February 27th, 2010 4:42 PM by Richard T. Cirelli
Most of the purchase transactions we see in this market are "short sales" and it's important for our clients to understand the facts when dealing with them. Although a lot has been written on this topic, I recently came across a very concise explanation that we can pass along to our clients. Please see the points below...
· A Short Sale is when a home is sold for less than the amount that the present owner owes on their mortgage.
· The Servicer/Lender is the mortgage company that the owner makes their payments to. It may be a Bank or Non-Bank Mortgage Servicer or Lender.
· The owner/seller can no longer afford the home and has agreed to sell the home for less than what is owed. They have to provide their existing Servicer/Lender with a hardship letter, and financial information before the sale can proceed.
· The homeowner/seller can sign the offer, but their Servicer/Lender has to approve the sale.
· The time between when the offer is made and the time it is accepted can be several months. This is particularly true when that Servicer/Lender has not already approved any previous offers.
· The house can still be foreclosed on even if a buyer has made an offer on the house has been negotiating that offer.
· If the Buyer doesn't get their offer accepted as a short sale, the property should eventually come back on the market as a bank- owned property known as a foreclosure or REO (Real Estate Owned).
· The real estate agent that has the listing has no control over the Servicer/Lender. Buyers just need to make their best offer, submit it and wait.
· If the owner of the home files bankruptcy the short sale stops until the bankruptcy is resolved.
Short sales are a great way to get a house for a discount but it takes time, patience, and determination on everyone's part.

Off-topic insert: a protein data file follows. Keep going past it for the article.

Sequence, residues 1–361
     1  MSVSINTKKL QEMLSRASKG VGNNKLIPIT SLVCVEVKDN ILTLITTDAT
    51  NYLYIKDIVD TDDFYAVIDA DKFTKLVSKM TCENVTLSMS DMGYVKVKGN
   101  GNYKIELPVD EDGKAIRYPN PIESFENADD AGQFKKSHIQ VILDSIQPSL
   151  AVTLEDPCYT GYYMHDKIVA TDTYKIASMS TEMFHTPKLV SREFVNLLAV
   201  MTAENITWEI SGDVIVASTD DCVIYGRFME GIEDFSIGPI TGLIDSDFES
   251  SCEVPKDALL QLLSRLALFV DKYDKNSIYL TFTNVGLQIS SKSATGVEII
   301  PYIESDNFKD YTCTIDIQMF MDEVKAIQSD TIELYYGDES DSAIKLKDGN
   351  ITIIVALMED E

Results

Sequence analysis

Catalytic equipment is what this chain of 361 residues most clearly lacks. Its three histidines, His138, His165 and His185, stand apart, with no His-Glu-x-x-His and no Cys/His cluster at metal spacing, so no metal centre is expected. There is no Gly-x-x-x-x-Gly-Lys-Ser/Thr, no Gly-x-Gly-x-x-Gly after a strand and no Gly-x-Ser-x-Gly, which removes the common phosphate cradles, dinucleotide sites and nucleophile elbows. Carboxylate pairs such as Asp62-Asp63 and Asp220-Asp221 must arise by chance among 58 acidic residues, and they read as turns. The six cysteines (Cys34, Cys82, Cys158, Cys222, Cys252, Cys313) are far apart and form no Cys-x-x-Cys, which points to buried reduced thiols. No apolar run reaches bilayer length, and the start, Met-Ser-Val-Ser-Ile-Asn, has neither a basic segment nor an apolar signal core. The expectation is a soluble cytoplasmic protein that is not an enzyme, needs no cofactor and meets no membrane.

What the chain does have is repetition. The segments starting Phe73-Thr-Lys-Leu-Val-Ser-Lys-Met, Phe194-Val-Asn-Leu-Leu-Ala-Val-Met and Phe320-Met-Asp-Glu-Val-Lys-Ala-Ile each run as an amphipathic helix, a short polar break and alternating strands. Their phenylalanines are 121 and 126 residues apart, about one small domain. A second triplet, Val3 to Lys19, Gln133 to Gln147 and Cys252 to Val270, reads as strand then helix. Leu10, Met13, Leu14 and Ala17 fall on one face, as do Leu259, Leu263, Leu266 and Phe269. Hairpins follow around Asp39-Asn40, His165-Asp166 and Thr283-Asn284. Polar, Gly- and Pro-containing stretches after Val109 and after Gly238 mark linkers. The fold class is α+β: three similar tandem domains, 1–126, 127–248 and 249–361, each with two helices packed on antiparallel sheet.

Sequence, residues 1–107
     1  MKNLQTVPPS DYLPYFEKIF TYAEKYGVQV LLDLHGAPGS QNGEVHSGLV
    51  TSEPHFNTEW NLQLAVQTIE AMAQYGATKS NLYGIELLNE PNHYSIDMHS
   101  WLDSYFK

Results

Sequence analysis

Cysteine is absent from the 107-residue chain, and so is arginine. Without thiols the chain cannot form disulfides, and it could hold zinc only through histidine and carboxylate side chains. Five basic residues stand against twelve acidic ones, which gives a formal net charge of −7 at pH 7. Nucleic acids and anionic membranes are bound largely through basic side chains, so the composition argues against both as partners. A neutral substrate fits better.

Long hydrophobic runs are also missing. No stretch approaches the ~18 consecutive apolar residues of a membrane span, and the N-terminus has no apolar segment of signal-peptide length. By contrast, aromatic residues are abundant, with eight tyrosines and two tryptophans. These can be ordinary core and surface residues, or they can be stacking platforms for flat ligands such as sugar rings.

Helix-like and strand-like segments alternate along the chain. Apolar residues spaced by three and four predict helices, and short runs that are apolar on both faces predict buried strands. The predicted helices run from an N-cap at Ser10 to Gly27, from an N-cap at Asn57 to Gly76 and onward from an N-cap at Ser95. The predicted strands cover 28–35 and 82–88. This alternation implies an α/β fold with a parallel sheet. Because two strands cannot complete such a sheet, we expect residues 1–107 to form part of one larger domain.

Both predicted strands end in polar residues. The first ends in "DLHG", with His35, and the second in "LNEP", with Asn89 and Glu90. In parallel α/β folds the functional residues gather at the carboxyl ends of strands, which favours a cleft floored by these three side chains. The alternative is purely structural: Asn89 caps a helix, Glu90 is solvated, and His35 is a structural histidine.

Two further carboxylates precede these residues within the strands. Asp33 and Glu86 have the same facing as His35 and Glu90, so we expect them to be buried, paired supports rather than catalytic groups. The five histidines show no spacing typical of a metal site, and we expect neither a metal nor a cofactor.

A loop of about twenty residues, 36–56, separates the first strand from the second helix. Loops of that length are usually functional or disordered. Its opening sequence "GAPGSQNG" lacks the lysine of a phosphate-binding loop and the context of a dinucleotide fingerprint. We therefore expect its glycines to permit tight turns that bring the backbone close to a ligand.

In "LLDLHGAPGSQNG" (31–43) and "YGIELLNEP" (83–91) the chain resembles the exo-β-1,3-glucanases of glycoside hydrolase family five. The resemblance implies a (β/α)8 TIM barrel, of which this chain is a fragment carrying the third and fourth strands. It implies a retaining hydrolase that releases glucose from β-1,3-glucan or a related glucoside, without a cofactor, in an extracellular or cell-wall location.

Mortgage Rate Update:
Just as quickly as mortgage rates went up last week, they came back down this week. Why? There are a number of factors. First of all, last week's surprise increase in the "Discount Rate" did not affect the Fed Funds Rate or Prime Rate. It was intended to merely make it a little more costly for banks to borrow emergency funds from the Federal Reserve. Its move was merely a technical one and didn't presage the raising of any of the other rates that more directly affect consumers or the broader economy. In the meantime, Fed Chairman Ben Bernanke said "interest rates will stay low for an "extended period of time," a key phra se he has used during the Fed's aggressive easing program. Adding to weakness in the MBS markets (Mortgage-Backed Securities) are the fact that the situation in Greece has gotten worse and today's release of last week's unemployment claims was much higher than expected.
An interesting fact is that even though the Government intends to stick to its plan to discontinue the purchase of MBS's at the end of March, mortgage rates haven't increased. It's believed that this part of the Stimulus Package has been responsible for keeping mortgage rates artificially low by about 1%. Now, some experts are backtracking saying that maybe mortgage rates won't rise so much once the stimulus ends. We'll have to see how that plays out and even though rates may not rise as much as expected, they almost certainly won't go lower. So, now is the time to buy or refinance.